Does Compassion Belong in the Workplace?

A Different Way to Show Up as a Leader

Photo by Dave Lowe on Unsplash

The Bushidō code is a combination of 8 different core virtues that directed the samurai on how to live. I have researched these virtues and have adopted and blended them into the context of the time we are now living. I have also discovered that focusing on these 8 virtues is a pathway to finding Work: Life Harmony for ourselves and living a life with more overall satisfaction.

I will be writing 8 different articles, one for each virtue: Justice, Courage, Compassion, Respect, Integrity, Honor, Loyalty, & Self-Control. This is Article #3, Compassion.

We live in a world that is quick to judge. Our judgemental habits often make it easy to forget that before judging a person we ought to take a moment to consider the source of their behavior and decision-making.

Before we come up with our assumptions and reactions to their behavior we should take a pause. For instance, before we react to someone’s statement, behavior, or the way they interact with us, we need to ask ourselves: “What might cause them to behave like that?’’

What is it about courage that makes Compassion possible? It would be much harder for people to help others if there was no courage in our society. Compassion can be tempered by fear, but it becomes easier to show when there is courage present.

How do you define compassion?

The answer you give to this question will be unique to you. We all have a slightly different idea of what this means to us.

One thing we can all agree on though is that it would be showing care and love to those around us. Those people can be part of our tight-knit group of friends and family or they can be strangers.

At times, it seems like there is no compassion in the world. People are doing terrible things to each other and there never seems to be an end to the stories we hear about.

It can be hard to not let those events influence how we lead others and ourselves though. Hearing such stories can cause us to get angry and lose hope.

“Beneath the instinct to fight there lurks a divine instinct to love.” -Inazo Nitobe

I would encourage us to seek out our instincts to love especially in those types of situations where we feel the urge to fight.

Photo by Meghna R on Unsplash

What does compassion look like in how you lead?

The important thing to consider when it comes to compassion is not necessarily how you feel it is coming across, it is how it is being received by the other person.

Being aware of how we are being received by others and making sure that our intentions match their experience is a form of compassion.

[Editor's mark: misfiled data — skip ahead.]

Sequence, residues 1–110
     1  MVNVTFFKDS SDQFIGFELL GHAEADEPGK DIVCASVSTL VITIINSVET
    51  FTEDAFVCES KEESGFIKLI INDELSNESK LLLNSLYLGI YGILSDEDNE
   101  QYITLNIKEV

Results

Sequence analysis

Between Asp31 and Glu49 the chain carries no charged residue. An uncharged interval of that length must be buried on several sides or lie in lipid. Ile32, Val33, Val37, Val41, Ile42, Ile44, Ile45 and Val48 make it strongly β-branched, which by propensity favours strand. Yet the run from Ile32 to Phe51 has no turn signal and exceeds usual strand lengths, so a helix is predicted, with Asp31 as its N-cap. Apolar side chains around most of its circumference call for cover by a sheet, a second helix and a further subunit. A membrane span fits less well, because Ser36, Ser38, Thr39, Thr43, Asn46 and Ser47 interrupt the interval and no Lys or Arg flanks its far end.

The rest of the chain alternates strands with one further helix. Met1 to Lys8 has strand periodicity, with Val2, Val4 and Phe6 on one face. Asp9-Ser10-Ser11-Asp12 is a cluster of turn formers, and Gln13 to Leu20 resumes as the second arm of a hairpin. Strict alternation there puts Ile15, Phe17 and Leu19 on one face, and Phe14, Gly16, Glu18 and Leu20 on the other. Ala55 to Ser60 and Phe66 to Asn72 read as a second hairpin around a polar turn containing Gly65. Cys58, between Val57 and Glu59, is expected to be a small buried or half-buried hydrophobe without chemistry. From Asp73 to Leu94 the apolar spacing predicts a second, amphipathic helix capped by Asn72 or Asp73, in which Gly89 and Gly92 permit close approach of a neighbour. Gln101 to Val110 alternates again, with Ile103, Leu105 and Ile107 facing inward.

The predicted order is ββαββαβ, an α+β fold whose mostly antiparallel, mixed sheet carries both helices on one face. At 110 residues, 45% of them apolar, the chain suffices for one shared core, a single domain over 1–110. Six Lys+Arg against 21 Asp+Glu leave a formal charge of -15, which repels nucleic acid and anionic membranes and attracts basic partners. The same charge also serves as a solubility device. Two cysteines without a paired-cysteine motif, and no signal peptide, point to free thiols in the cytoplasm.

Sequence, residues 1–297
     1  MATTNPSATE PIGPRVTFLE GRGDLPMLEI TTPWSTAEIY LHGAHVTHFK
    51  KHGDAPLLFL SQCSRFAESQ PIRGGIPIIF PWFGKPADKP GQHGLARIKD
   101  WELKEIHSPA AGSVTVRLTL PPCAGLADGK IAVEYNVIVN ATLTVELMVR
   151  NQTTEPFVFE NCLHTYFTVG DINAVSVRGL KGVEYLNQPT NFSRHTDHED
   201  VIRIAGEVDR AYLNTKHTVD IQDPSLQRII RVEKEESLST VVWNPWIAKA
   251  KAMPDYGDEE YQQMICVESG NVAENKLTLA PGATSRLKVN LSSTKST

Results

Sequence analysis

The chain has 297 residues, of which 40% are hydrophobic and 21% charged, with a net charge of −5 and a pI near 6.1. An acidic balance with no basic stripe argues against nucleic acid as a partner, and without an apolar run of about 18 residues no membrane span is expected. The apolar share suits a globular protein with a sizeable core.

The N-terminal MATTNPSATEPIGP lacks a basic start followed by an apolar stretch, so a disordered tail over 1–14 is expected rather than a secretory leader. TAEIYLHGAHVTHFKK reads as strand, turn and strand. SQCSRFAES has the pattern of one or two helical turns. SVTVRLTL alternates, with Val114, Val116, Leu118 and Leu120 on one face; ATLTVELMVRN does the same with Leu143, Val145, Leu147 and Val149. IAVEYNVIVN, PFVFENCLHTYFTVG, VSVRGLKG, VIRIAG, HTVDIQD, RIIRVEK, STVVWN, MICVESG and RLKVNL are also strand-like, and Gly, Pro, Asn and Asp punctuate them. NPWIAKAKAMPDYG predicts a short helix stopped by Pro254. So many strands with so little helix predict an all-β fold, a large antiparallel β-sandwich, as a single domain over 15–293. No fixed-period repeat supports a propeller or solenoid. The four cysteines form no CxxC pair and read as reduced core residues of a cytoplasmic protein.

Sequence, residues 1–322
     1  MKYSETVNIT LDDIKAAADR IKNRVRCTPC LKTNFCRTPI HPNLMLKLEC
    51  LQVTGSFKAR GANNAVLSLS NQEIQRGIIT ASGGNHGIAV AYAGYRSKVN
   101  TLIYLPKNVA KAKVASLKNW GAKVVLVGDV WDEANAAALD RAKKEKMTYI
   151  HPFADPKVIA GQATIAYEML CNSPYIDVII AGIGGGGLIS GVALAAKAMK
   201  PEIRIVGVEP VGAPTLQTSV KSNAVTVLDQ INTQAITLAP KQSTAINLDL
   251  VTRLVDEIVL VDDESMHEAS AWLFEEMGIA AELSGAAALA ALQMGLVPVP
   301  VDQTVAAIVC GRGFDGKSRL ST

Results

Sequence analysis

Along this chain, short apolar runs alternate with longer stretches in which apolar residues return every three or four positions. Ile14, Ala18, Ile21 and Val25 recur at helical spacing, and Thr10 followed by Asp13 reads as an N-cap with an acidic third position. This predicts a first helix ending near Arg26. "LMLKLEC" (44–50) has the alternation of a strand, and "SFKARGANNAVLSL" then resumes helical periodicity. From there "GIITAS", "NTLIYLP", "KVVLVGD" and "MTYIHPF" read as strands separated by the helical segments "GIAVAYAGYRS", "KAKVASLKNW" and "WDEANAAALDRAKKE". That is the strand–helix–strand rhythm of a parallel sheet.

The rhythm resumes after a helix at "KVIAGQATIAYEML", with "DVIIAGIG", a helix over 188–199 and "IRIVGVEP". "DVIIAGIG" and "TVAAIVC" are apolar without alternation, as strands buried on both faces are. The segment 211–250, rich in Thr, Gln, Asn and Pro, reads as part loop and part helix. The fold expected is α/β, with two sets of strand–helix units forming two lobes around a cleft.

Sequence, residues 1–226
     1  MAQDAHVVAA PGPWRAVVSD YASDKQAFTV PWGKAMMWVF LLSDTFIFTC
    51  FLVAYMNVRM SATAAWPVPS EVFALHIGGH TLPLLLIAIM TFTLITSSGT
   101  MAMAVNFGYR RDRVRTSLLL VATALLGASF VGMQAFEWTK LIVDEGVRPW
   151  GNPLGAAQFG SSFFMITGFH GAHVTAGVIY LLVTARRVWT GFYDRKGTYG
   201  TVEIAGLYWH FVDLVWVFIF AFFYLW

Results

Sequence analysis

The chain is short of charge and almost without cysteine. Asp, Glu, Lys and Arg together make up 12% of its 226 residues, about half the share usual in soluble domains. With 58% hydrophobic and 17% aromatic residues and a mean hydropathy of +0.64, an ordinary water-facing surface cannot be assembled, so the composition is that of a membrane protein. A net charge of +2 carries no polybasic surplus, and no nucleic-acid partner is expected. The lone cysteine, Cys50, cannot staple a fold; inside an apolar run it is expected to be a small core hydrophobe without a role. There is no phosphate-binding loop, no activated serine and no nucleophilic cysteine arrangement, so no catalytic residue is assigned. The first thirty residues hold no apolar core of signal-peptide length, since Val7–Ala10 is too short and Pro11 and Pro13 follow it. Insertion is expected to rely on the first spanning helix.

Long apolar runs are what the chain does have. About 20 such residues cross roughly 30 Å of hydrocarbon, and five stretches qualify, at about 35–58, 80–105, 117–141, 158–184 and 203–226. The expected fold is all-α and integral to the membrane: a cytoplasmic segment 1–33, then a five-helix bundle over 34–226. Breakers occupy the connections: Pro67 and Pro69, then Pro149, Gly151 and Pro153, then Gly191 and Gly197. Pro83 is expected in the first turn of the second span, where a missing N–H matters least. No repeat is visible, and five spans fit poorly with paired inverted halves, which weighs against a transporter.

Showing you care what experience the other person is having takes you out of your judgmental, ready to fight at a moment’s notice self and gives the opportunity for the lurking instinct of love to shine.

This works on us too. When we regularly check in with ourselves to see how we are doing, it shows love. Missing the opportunity to show self-love makes showing love to others a little harder.

How you can be a more compassionate leader

Here are a few ideas on how to show up more with compassion and love and less with a Fight Club mentality.

  • Practice the art of listening to others: Don’t just listen to others so you can prepare a rebuttal. When in conversation, try the 5 Second Pause. In order to make sure you aren’t cutting off others when they are talking to get your two cents in, try counting to 5 in your head before you respond. This will ensure the other person can completely finish their thought and gives you a moment to think about what you will say before you start talking.
  • Practice the art of listening to yourself: Take 5–10 minutes every day, sit in solitude with no electronics, and listen to what your inner self is trying to tell you. Reflect on your previous day and check in on what you need to make today a better day.
  • Don’t schedule your time to 100% capacity: Show yourself some love by scheduling regular breaks into your schedule so that you don’t have to be moving at 100% all the time. If you instead schedule yourself at 80% you will find that you can get more done in less time because you aren’t exhausted all the time.

If you’d like to learn more about Compassion or the other 7 virtues of the Bushidō code check out my book “Always Improving: Lessons from the samurai”.

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